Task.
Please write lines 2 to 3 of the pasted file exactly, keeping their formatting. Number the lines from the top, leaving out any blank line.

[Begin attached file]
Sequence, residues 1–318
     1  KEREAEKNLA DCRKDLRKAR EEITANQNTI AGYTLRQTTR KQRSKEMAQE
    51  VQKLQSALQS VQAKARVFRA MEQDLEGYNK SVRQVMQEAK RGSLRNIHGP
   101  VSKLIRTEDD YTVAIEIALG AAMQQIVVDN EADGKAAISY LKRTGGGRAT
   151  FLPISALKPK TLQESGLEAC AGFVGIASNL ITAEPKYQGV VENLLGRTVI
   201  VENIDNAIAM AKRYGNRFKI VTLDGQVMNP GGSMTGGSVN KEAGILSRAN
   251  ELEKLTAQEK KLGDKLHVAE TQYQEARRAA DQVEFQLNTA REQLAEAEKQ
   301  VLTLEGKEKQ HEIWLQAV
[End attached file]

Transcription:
     1  KEREAEKNLA DCRKDLRKAR EEITANQNTI AGYTLRQTTR KQRSKEMAQE
    51  VQKLQSALQS VQAKARVFRA MEQDLEGYNK SVRQVMQEAK RGSLRNIHGP